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Truscott, Marilyn. 2004. Is community archaeology the future?: an examination of community-based archaeology in Australia today and its origins. Artefact: the Journal of the Archaeological and Anthropological Society of Victoria 27: pp. 29-35.

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Intangible Heritage and Community Identity in Post-Apartheid South Africa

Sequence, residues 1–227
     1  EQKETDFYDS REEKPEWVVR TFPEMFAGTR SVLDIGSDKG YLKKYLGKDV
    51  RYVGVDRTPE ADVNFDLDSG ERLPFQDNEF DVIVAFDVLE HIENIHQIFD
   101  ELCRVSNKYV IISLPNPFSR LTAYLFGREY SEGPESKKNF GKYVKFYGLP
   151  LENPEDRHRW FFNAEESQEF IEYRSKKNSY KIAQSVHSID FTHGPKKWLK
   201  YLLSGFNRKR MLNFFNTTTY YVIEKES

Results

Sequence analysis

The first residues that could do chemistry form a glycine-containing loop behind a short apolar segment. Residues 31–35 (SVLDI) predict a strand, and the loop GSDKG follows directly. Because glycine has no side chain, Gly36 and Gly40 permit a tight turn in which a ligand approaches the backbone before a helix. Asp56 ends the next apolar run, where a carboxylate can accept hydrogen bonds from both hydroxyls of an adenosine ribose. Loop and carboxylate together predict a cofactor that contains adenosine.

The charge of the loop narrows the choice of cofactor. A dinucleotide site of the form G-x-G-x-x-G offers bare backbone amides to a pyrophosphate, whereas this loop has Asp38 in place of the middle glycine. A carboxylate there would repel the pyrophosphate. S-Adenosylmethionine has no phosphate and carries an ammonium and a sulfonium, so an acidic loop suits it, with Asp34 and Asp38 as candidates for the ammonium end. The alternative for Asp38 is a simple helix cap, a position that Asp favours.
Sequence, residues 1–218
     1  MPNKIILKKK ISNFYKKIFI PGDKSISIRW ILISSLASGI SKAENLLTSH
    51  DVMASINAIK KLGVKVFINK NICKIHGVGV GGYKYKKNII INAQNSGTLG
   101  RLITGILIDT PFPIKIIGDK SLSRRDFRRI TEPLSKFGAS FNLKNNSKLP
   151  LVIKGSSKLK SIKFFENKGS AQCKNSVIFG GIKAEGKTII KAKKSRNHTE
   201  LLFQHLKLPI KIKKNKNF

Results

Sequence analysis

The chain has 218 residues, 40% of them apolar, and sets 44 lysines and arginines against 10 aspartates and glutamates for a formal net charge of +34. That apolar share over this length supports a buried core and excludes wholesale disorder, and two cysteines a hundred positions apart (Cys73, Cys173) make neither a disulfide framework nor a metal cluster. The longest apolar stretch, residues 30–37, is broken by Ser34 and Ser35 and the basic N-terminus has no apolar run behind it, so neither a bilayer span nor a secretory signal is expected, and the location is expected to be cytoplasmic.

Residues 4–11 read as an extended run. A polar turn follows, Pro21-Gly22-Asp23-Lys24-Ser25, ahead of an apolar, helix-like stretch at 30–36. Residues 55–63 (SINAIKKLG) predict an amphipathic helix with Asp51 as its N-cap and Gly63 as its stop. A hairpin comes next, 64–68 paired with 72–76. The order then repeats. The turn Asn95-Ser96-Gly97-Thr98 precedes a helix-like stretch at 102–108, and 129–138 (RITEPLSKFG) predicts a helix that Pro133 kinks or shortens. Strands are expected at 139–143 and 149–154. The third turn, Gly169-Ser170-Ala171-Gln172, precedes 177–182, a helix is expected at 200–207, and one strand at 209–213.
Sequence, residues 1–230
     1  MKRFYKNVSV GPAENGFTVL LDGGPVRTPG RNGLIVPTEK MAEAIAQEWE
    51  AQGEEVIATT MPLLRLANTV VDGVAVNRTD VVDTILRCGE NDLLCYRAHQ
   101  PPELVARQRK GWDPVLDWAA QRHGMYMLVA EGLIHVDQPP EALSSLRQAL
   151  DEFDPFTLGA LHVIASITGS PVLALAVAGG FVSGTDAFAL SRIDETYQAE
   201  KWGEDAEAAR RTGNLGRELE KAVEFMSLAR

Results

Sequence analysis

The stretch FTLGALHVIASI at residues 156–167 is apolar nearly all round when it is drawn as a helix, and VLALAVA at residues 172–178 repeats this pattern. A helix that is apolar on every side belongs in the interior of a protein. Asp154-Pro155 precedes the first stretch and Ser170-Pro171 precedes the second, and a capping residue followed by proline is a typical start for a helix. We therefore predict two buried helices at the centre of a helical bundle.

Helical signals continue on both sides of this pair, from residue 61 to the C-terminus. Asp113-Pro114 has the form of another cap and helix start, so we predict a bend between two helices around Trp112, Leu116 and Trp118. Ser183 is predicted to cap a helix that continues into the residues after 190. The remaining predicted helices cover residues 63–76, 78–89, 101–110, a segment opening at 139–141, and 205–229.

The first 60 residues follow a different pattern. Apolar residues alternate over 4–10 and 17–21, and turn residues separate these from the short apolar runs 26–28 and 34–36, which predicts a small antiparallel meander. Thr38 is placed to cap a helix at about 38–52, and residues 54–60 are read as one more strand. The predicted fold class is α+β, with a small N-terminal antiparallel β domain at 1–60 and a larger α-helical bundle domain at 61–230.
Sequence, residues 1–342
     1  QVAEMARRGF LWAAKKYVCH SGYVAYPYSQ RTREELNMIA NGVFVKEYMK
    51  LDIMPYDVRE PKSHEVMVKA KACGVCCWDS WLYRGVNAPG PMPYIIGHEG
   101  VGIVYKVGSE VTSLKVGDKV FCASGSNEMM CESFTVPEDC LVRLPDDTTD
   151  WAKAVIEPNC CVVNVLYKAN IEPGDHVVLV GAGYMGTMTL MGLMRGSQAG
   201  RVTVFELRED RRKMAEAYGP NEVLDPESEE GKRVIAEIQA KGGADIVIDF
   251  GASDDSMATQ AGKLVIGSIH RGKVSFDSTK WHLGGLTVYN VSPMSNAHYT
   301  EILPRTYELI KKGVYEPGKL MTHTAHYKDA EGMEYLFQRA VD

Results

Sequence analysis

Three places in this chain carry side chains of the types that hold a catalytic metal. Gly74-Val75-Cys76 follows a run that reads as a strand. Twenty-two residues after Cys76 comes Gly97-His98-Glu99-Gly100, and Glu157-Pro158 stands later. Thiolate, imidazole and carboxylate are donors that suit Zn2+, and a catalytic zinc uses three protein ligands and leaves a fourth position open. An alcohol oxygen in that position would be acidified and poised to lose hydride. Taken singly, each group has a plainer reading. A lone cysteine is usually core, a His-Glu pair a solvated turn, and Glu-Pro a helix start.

The recent geopolitical transformation in South Africa from a society in conflict to one embodying consensus invites inquiry into the use of heritage in the production of community identity, and the manner of commemoration and presentation of intangible heritage. This article presents case studies to indicate that there is an emerging shift away from hegemonic representation by the post‐apartheid state in the form of very tentative individual or community‐based expressions of struggle history.